c)i will be performing the trio version of the suite from Stravinsky’s A Soldier’s Tale on Sunday, and so I’ve been thinking a bit about the piece (and his music more generally). Music is always an abstraction, due to its temporality– it is through memory that form and rhythm and harmony are experience, as associations between present and past (and future) events. And (some of) Stravinsky’s music (some of it) gets tagged as being cold or bloodless. But always at the same time it is about the body, it is in the body, savagely and unavoidably.
c)i is excited to be performing a work by Alan Theisen for the first time – he’s on faculty at Mars Hill College near Asheville, North Carolina. Some of you may know that I am on a long sabbatical, and I’m living down in NC; I got to know his music as started getting to know musicians in this corner of the world. (Ah, soundcloud, my late night friend.) When I heard Ondes et Ombres it struck me as a good fit for the 3x2x2x3 show that we were developing, both immanently as a piece and as a trio that would stand as one of the bookends of the program, contrasting Stravinsky’s masterful The Soldier’s Tale. (Apologies for the linkage, Alan; I went through a few years with c)i where I kept ending up on programs immediately after Crumb or Bartok, and so I was officially the hack-composer on the show…)
As I hinted at in the previous post, our programs this year have a factorial element: 3×2, 2×3; 2×2, 2×4, 1×5; and 1×1, 3×4, 1×5. The repertoire, the staging, the all sorts are organized around these refracting relations and in doing so makes us notice the other, subtler elements of this calculus of performance, the performers. What it is to be Ning playing with Miranda, or Miranda with Ning? What’s Hecuba to him, or he to Hecuba? Quite a bit, I think.
We could say that playing-together is a special category of being-together. Ben performs. But in performing Ben is also Benjamin-clarinetist. And in that being, he participates in the community that is clarinet-being. Add to other players and a bunch of composers (living or passed) and things get rather more complicated– clarinet being has a relationship to Stravinsky, as does Benjamin-the-clarinetist, as does Ben. There are always a lot of ways to be together, manners of enmeshment made kaleidoscopically beautiful through the ritual of performance. Continue reading “Playing together”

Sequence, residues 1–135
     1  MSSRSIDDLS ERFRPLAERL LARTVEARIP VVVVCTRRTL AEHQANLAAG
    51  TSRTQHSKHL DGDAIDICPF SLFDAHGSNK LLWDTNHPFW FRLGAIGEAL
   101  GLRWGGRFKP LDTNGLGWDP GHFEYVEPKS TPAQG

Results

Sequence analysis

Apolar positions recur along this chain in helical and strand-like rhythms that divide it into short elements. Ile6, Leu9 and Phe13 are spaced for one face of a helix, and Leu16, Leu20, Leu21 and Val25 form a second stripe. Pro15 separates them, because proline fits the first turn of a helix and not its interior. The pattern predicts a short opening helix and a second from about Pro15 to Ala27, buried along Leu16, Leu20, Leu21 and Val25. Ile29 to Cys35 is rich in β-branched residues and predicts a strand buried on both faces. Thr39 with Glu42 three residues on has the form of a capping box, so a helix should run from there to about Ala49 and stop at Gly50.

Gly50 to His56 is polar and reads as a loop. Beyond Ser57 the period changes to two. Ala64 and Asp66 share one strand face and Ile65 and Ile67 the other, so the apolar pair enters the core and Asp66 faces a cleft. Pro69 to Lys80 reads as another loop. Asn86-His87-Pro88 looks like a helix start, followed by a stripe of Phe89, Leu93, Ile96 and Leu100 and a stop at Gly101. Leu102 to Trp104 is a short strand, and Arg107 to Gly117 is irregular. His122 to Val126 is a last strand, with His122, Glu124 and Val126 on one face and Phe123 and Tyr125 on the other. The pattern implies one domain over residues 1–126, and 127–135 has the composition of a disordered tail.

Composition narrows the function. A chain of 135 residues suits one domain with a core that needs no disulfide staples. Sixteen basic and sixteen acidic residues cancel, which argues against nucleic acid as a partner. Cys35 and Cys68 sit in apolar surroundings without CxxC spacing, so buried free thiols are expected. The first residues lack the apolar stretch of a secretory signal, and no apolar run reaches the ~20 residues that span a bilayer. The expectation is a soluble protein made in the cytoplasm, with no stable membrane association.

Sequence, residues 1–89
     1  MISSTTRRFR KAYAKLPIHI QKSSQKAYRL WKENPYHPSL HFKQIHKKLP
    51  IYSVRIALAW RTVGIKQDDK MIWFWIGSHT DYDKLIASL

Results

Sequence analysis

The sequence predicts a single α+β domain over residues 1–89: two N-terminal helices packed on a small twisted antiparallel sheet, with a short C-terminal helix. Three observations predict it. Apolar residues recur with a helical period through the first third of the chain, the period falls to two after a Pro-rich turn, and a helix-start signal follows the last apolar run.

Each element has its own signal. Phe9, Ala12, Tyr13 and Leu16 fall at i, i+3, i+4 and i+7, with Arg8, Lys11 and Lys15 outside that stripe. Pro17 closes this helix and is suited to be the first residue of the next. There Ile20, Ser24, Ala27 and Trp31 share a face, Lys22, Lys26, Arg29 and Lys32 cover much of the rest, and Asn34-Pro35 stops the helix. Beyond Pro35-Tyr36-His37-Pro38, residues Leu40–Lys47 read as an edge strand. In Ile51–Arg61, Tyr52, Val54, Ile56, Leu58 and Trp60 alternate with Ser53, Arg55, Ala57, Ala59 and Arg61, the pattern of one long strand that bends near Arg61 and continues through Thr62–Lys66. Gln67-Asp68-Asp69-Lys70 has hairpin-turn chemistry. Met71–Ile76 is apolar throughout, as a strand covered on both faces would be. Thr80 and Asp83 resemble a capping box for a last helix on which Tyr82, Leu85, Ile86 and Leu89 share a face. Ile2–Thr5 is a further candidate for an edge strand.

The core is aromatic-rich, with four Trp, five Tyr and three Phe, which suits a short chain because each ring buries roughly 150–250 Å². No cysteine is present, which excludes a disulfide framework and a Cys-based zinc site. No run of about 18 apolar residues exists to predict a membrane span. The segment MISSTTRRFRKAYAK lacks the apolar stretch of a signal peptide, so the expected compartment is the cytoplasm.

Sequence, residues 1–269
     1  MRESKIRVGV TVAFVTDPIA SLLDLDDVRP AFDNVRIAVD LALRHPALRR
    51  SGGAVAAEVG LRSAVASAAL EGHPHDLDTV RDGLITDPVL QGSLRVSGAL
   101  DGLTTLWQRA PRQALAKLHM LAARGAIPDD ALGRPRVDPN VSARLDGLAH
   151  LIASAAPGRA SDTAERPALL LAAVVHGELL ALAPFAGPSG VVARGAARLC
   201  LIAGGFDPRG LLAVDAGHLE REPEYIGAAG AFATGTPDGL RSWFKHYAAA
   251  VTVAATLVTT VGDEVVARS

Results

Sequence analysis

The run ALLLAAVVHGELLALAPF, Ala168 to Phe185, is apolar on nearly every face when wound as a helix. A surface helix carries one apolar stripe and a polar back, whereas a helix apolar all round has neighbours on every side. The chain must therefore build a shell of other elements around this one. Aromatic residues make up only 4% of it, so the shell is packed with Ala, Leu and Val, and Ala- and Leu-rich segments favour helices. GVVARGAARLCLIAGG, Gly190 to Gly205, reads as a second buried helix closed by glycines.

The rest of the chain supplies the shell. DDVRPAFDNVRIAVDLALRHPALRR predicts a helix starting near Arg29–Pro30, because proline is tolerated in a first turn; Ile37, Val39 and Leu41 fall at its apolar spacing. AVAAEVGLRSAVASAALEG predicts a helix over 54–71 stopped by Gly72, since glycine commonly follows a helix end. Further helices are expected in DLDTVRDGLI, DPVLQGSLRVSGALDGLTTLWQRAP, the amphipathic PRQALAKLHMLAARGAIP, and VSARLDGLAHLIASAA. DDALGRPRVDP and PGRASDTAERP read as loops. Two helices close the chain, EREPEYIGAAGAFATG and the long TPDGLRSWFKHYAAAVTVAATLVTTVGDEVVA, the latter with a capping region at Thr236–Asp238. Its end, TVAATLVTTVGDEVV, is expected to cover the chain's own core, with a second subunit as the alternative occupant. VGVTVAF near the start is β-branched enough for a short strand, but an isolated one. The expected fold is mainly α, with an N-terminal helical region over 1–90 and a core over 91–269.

Ok, so, the name: “counter)induction” sometimes confuses people, and that’s understandable. It’s a negative, it’s an abstract, and it doesn’t seem to have much to do with music, or sound, or making art. It’s logic, though, is a logic of creation. Counterinduction as a term is coined by philosopher and ‘scientific anarchist’ Paul Feyerabend; counterinduction is the opposite of induction, it is not doing something that is illogical; rather it is doing the opposite of what is logical. It is not an ill-advised choice, it is the choice that most strongly stands against all advisements. Continue reading “Feyerabend and counterinduction.”
Get excited as counter)induction prepares a powerful season with its archetypal mixtures of explosions, elegance, and savageries. Classic works like Davidiovsky’s Quartetto #3 and Stravinsky’s A Soldier’s Tale, three premieres by American composers, new faces from Europe, the sui generis Scelsi’s Tre Pezzi, and two performances at Scorca Hall at the National Opera Center. Solos, duos, trios, quartets, quintets; diverse combinations bridging musical worlds.
Get the details here and look as excited as we do in the header!
While you wait, enjoy something by the legendary Mario Davidovsky, whose music is featured throughout the season: